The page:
|U.S. House of Representatives||1938||Clarence A. Seaman||431|
|United States Senate||1958||Robert W. Kean||152,884|
|United States Senate||1958||Bernard M. Shanley||128,990|
|United States Senate||1958||Robert J. Morris||73,658|
- Roberts, Sam. "Early Census Is Found in a New Jersey University's Files", The New York Times, May 18, 2010. Accessed February 24, 2011. "Kean (pronounced cane), a merchant, originally used the ledger, made in England in the early 18th century, to keep track of his accounts and later was chosen by Washington to audit the Revolutionary Army."
- Cook, Joan (24 September 1980). "Robert W. Kean, 86; Formerly in House; Jersey Republican Won Reputation as Expert on Social Security". New York Times. Retrieved 11 January 2015.
Robert Winthrop Kean, a former United States Representative and for years a leading figure in Republican politics in New Jersey, died Sunday in St. Barnabas Medical Center, Livingston, N.J., from a heart attack. He was 86 years old and lived in Livingston.
- Felzenberg, Alvin (2006). Governor Tom Kean: From the New Jersey Statehouse to the 911 Commission. Rutgers University Press. p. 10.
- "R. W. Kean in Congress Race". New York Times. 3 June 1938.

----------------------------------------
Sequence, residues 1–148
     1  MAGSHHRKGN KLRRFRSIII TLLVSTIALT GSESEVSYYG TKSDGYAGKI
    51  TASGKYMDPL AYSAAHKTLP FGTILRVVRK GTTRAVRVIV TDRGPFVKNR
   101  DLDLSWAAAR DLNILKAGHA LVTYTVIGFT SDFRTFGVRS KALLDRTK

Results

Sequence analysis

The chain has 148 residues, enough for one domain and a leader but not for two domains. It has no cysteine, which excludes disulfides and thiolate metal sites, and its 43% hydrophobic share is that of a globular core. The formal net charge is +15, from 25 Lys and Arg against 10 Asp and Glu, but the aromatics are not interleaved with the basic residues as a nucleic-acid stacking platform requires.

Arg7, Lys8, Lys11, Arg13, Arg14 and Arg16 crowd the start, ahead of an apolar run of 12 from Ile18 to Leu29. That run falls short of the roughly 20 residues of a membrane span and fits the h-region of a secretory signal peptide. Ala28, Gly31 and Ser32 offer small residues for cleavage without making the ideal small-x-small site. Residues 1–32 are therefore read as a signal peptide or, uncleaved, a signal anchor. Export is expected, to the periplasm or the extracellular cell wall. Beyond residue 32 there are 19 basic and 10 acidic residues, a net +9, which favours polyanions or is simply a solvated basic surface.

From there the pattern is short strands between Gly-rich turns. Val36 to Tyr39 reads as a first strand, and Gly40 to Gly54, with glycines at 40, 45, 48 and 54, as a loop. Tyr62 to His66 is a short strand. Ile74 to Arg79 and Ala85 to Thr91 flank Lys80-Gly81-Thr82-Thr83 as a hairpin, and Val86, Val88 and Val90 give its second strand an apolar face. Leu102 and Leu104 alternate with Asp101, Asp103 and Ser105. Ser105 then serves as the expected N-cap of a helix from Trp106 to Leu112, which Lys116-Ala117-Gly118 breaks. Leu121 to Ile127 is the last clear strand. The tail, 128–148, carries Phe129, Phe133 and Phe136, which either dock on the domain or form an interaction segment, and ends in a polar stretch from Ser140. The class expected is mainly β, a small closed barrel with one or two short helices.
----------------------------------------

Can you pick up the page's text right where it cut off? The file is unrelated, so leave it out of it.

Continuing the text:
- "Results of the Primary Election" (PDF). New Jersey Division of Elections. State of New Jersey. Retrieved 11 January 2015.
- "Barbour-Ely Vote Surprises Jersey; Large 'Complimentary' Count for Senate Rivals Draws Wide Interest in State Vreeland and Kean Win Baird Groups to Control". New York Times. 22 September 1938.
- "Results of the General Election" (PDF). New Jersey Division of Election. State of New Jersey. Retrieved 11 January 2015.
- "Our Campaigns". www.ourcampaigns.com. Retrieved 11 January 2015.
- Meislin, Richard W. (21 September 1981). "Kean Ends Urban Tour, Terming Trip a Lesson". New York Times. Retrieved 11 January 2015.
- Edge, Wally (3 June 2007). "Twenty years before Watergate, Rodino almost gave up his House seat to run statewide". PolitickerNJ.com. Retrieved 14 January 2015.
- Wright, George Cable. "Regular Sweep G.O.P. Essex Vote; Clapp Is Victorious -- Other Party Organization Slates Win -- Balloting Is Light". New York Times.
- "Democrats in Essex Re-Elect Carey, 2-1". New York Times. 26 April 1961.
- Wright, George Cable (25 April 1962). "G.O.P. Chairman Elected in Essex; Axtell Wins--433-416 Vote Is Closest in Years Defeats Become Issue". New York Times.
- "Elizabeth S. Kean, 90, Mother of Governor". New York Times. 29 January 1988. Retrieved 11 January 2015.
- United States Congress. "Robert Kean (id: K000029)". Biographical Directory of the United States Congress. Retrieved on 2008-01-26
|U.S. House of Representatives|
| Member of the U.S. House of Representatives
from New Jersey's 12th congressional district
1939 – 1959
|Party political offices|
Howard Alexander Smith
| Republican Nominee for the U.S. Senate (Class 1) from New Jersey
Bernard M. Shanley